Author: Jackson Pearce
Publisher: Little, Brown Books for Young Readers; 2011
Rating: 4 stars
In a modern telling of Hansel and Gretel, Jackson Pearce brings us to Live Oak, South Carolina, where Ansel and his little sister Gretchen, ages 19 and 18 respectively, run out of gas on a cross-country road trip after being kicked out of their home by their stepmother. Gretchen, still scarred from her twin sister being snatched by what she remembers as a witch one fateful day in the woods, is very withdrawn yet desperately wants to stand out so she doesn't disappear too. Ansel has always been her rock. Things look like they might be changing for the better when they find a temporary home with Sophia Kelly, the young woman who owns the local chocolatier. Yet there are secrets in these woods, and Sophia isn't telling them everything. What seems like paradise starts to look more and more like the woods Gretchen left behind.
In her second fairy tale book, Pearce has once again taken an age-old tale and brought it to the modern day. I love fairy tale retellings, but I was a little disappointed with Pearce's Sisters Red. But here, I think Pearce has improved as a writer. I liked the characters much more, and the language she uses for her characters is pitch-perfect.
I was intrigued by the mystery, and Pearce unraveled it at just the right pace. I was never too far ahead of the characters (I hate it when I can figure it out too soon), and I really like how she tied her two novels together. And man, did she bring on the action. My favorite part of Sisters Red was the fighting, and I was glad to see it return.
Oh, also? Delicious candy. I wanted chocolate pretty much the entire time I was reading this.
One thing I couldn't stand, though, was how often Pearce used certain words. The most memorable one was the word "tease." I felt like everything anyone said to anyone was followed by "I teased" or "she teased." It got so bad that I started rolling my eyes when I came across it—it was just aggravating. But I guess if that's my biggest complaint, that's not so bad.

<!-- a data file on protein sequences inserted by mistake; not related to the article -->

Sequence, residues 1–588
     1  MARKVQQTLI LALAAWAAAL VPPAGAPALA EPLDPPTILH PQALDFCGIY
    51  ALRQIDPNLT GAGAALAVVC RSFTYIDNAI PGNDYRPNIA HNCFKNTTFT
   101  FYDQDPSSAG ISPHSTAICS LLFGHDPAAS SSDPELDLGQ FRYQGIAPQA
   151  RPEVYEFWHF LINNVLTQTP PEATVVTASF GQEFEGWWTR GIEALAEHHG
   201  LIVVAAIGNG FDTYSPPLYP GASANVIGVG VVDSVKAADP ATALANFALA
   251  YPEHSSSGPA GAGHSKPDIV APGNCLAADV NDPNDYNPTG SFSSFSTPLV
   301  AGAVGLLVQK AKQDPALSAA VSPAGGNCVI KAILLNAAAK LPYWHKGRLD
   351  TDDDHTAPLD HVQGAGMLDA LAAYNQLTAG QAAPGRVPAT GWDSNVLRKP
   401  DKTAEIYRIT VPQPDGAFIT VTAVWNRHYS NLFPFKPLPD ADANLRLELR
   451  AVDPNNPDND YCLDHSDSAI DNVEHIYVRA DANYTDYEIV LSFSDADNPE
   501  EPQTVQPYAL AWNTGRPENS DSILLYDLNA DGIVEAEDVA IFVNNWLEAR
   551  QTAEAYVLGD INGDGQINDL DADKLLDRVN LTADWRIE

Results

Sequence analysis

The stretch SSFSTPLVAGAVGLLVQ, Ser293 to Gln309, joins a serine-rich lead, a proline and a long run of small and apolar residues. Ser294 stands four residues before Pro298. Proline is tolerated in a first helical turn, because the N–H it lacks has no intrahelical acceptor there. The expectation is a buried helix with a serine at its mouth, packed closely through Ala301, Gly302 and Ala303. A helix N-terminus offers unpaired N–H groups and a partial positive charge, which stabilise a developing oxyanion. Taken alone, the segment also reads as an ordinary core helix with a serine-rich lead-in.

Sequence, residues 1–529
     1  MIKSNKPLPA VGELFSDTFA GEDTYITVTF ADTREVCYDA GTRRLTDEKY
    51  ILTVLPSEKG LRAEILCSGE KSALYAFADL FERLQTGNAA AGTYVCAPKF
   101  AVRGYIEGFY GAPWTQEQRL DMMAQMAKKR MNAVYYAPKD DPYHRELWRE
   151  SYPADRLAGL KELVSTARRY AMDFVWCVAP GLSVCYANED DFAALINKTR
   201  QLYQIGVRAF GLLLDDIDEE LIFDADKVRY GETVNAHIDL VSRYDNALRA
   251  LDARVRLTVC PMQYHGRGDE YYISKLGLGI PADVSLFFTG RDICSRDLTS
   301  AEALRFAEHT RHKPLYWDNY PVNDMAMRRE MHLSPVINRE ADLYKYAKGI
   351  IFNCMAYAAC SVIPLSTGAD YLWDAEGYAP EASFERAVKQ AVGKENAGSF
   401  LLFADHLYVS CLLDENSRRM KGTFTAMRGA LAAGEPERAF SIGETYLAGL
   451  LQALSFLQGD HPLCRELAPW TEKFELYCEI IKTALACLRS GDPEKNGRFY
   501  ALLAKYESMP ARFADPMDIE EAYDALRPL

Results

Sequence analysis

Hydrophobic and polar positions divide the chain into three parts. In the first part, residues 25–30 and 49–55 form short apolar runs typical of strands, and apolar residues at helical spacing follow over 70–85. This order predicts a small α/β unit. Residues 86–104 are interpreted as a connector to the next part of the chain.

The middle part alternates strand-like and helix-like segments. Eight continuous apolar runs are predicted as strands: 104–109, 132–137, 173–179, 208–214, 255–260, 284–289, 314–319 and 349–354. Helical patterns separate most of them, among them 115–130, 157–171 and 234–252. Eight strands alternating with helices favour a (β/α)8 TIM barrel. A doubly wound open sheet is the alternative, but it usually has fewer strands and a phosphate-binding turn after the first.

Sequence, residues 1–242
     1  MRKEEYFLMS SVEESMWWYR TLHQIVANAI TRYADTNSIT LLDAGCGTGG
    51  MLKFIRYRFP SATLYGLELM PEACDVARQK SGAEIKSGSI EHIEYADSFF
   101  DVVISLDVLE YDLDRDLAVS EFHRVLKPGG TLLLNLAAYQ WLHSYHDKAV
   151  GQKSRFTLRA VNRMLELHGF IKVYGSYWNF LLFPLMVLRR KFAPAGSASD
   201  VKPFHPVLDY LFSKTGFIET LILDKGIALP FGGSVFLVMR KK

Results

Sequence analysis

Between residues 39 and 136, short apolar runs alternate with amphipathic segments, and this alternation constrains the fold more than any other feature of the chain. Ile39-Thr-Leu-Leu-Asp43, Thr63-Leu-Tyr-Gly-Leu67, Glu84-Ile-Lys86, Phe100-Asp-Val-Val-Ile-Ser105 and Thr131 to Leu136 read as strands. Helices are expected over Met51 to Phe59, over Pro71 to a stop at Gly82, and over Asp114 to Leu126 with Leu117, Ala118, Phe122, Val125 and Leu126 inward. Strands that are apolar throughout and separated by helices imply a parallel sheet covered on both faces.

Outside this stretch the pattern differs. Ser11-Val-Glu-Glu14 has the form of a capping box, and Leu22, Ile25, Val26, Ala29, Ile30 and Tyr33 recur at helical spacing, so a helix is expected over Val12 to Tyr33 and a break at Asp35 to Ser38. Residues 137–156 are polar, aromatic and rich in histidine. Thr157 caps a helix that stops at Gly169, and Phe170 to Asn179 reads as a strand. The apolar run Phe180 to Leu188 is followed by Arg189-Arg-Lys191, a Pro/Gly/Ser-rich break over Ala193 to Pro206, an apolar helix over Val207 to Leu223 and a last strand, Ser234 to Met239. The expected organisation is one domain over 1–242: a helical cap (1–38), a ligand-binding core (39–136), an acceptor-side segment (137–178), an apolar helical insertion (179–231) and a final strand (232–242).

I'm looking forward to the third novel, a retelling of Hans Christian Andersen's "The Little Mermaid" titled Fathomless, later this year. There were hints about part of the plot in Sweetly, and I'm eager to see how the series will continue and for the introduction of new characters.
Disclosure: I got this book from the library.
Thanks for the review! I have this one on my shelf still to read. I better get on it.ReplyDelete
I like the sound of this. Modern retelling of fairytales really interest me lately. I haven't heard of these before but am definitely interested in them now. Thanks for the great review!ReplyDelete
I love retellings as well! From what I gather, it isn't necessary to read Sisters Red to read Sweetly, correct? I've just heard from everyone that Sister Red was rather disappointing.ReplyDelete
I too get annoyed when authors get too caught up in a particular word. Like Patrick Rothfuss who looooves to use 'groused'. Glad I'm not the only one! =)
Heidi, you definitely don't have to read Sisters Red before Sweetly, though you will understand the world a bit better. I was disappointed with SR too, but was pleasantly surprised here.ReplyDelete
The cover to this is absolutely beautiful. I'm so into fairy tales right now that it's not even funny.ReplyDelete
Interesting - I felt fine about Sisters Red - not a favorite, but I thought it was a fun read. I'm excited that Pearce is making the books connected! I love it when characters show up in new books that aren't necessarily sequels. And now I feel the need to go eat a Reese cup...ReplyDelete
It's so hard to get through this book without eating a lot of chocolate.Delete
Oooers. Adding to "to-read"ReplyDelete
I have yet to read any fairy tale retellings. Maybe Pearce would be a good place to begin.ReplyDelete